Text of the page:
IDC Survey: Risk In The Cloud
June 16, 2010
While growing numbers of businesses understand the advantages of embracing cloud computing, they are more concerned about the risks involved, as a survey released at a cloud conference in Silicon Valley shows. Respondents showed greater concern about the risks associated with cloud computing surrounding security, availability and performance than support for the pluses of flexibility, scalability and lower cost, according to a survey conducted by the research firm IDC and presented at the Cloud Leadership Forum IDC hosted earlier this week in Santa Clara, Calif.
"The worries outweigh the benefits right now," said Frank Gens, senior
vice president and chief analyst at IDC. When asked which advantages to cloud they like, 78 percent cited the pay-as-you-go nature of cloud billing, 78 percent said faster deployment of IT resources; 67 percent said they could reduce their IT staff and 54 percent felt it was "the way of the future."
However, respondents gave more weight to their worries about cloud computing: 87 percent cited security concerns, 83.5 percent availability, 83 percent performance and 80 percent cited a lack of interoperability standards. Nonetheless, small-to-medium-sized businesses and enterprises are exporting more of their IT infrastructure to the cloud, Gens added. The IDC survey also showed that companies expect that, on average, 20.2 percent of their IT budgets will be earmarked for cloud computing in 2013, up from 14.4 percent in 2010.
Some of the concerns about cloud computing may not hold up to closer inspection, said Michael Pearl, a partner in the San Jose, Calif., office of the consulting firm PricewaterhouseCoopers. Companies worry about whether data being turned over to a cloud provider is secure if it's out of their control, but data security breaches happen all the time in companies' own data centers, Pearl observed. "If you think about cloud providers, security needs to be a core competency of theirs but internally oftentimes it's not a core competency and is sometimes under-resourced," he said. "So if you flip that apprehension on its head, there may be benefits in leveraging a cloud offering with the [security] focus and core competence that a cloud provider brings to the table."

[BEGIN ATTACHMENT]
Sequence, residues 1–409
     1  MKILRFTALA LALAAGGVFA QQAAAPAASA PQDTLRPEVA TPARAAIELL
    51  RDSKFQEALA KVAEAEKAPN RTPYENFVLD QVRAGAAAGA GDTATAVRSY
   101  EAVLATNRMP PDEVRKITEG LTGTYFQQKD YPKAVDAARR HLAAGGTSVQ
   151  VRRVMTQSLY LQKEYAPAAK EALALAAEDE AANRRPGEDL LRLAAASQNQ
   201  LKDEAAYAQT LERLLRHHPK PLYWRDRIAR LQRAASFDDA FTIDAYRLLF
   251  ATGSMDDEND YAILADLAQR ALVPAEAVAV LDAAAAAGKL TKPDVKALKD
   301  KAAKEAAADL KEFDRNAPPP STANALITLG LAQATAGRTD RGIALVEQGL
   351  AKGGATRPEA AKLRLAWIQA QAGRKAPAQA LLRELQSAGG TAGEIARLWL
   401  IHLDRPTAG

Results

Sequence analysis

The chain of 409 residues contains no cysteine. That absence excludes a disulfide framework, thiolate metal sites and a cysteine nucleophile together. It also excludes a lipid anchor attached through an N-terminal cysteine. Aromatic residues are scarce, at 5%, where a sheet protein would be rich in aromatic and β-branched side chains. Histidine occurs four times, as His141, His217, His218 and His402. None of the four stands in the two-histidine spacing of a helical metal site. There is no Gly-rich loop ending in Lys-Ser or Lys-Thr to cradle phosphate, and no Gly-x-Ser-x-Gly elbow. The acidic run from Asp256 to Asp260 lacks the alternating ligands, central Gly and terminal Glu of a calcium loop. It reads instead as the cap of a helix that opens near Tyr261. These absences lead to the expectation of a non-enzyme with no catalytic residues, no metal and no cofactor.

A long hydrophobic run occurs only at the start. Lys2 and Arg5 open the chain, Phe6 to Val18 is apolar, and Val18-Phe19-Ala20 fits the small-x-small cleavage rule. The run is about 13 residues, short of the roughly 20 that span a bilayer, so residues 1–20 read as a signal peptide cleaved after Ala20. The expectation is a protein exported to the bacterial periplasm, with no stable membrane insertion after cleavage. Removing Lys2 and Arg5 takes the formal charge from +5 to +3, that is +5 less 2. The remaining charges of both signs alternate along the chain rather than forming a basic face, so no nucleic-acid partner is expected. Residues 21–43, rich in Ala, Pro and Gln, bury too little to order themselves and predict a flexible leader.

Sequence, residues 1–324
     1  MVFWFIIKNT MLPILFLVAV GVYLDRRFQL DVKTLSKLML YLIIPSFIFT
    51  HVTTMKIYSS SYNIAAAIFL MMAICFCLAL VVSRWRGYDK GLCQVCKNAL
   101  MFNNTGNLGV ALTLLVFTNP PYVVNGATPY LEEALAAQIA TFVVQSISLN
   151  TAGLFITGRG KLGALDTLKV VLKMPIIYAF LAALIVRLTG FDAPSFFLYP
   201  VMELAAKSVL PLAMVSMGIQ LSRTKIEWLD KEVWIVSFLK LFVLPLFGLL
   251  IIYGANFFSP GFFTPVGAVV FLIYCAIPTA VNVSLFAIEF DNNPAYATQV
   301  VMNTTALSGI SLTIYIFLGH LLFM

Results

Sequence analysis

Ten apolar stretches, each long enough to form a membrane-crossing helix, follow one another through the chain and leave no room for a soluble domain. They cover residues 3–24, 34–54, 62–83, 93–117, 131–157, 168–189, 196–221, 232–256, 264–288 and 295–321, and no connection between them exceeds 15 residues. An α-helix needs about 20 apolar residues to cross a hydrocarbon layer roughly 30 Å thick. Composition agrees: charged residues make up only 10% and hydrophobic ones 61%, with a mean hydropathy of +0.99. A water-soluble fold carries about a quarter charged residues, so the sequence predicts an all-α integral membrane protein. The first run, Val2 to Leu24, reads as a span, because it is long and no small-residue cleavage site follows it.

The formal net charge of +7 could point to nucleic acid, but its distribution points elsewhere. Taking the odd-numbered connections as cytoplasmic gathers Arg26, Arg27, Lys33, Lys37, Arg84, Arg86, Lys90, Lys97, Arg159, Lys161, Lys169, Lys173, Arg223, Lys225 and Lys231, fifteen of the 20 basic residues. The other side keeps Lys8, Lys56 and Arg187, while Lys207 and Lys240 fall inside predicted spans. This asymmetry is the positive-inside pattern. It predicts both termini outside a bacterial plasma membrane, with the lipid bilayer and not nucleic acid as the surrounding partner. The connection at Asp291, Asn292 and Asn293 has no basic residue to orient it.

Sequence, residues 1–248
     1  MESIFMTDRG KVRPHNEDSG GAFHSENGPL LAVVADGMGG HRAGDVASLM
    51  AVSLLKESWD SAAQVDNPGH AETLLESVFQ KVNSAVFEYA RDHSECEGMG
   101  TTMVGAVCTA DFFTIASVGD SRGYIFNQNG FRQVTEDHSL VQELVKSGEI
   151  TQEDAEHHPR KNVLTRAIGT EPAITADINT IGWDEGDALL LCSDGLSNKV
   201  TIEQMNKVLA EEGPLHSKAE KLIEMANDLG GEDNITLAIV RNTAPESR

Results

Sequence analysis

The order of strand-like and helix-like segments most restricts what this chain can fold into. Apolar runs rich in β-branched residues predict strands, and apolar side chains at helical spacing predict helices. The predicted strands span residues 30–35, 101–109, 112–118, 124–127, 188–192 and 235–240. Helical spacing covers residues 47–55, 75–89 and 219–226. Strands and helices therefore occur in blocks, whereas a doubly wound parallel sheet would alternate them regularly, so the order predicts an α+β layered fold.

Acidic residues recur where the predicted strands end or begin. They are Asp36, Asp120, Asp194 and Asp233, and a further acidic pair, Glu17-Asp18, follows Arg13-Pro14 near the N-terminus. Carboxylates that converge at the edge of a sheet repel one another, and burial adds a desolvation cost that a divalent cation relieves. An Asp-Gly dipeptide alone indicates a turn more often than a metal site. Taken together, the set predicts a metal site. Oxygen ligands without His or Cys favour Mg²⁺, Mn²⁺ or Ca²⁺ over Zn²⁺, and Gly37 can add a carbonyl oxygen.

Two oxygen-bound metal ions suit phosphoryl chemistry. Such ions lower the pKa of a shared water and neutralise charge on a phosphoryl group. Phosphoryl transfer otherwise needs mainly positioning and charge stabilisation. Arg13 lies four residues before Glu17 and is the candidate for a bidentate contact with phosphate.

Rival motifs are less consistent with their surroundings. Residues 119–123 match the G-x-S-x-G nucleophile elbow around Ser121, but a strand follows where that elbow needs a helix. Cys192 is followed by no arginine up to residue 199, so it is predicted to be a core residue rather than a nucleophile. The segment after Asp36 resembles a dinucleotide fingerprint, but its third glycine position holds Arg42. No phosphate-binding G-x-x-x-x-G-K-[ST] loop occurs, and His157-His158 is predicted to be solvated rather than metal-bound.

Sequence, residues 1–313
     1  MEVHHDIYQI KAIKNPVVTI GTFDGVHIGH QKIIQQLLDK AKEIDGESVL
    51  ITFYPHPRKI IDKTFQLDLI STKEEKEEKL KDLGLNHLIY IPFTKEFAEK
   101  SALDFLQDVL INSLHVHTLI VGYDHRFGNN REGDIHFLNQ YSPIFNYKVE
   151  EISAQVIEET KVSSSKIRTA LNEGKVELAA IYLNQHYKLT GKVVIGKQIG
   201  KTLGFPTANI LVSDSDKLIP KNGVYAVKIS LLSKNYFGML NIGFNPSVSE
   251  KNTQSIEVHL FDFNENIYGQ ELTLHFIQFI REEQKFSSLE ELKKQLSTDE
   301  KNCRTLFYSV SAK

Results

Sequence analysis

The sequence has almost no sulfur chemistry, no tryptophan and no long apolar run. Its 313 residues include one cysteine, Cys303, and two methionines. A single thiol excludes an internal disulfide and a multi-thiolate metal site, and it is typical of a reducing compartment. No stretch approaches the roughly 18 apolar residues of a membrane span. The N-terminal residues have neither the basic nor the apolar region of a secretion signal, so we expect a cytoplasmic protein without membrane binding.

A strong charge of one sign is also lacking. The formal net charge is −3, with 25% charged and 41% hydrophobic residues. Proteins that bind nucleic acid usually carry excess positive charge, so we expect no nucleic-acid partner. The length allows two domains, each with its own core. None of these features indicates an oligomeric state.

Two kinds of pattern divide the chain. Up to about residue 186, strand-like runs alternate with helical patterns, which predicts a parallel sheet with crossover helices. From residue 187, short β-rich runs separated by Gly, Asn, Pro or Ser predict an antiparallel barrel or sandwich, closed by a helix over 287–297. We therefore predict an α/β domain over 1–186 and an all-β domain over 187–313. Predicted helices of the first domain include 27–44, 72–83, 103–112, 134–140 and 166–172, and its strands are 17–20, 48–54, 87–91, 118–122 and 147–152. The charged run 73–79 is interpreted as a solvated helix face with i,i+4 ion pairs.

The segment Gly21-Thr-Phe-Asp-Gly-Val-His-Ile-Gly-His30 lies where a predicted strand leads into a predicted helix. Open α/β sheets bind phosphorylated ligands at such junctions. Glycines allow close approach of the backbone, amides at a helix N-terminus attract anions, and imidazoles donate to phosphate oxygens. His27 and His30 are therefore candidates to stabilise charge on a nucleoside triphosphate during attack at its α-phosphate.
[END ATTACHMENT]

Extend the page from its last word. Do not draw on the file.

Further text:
Although apprehension remains with those considering a move to the cloud, adoption patterns appear to follow those of virtualization in data centers, noted Simon Aspinall, senior director for worldwide service provider marketing at Cisco Systems. Like virtualization, cloud computing is a process of abstracting the software application from the physical IT resources of a data center, Aspinall said. While virtualization of servers started out slowly with many customers using it for software test and development before using it in their production environment, eventually virtualization became more widespread and used for storage, networking and desktops as well as servers. "[Virtualization] ultimately looks and feels like a cloud service. It's a virtualized piece of software that you can move around to wherever you need it to be," Aspinall said.
What appears to be happening is that companies are dipping their toe into cloud computing, moving one application to the cloud and seeing how it works out, then moving other applications, said Jean Bozman, a Silicon Valley-based IDC analyst. "Cloud computing is something you move into over time," she said. "You have to inventory your apps and determine which ones will be amenable to the cloud and which would not." Apps most easily moved to the cloud include standard business systems like e-mail, customer relationship management and collaboration, Bozman and others at the conference noted. Apps not ideal for cloud computing are customized apps or specific apps related to the particular business that, for competitive reasons, companies would prefer to keep on-premise.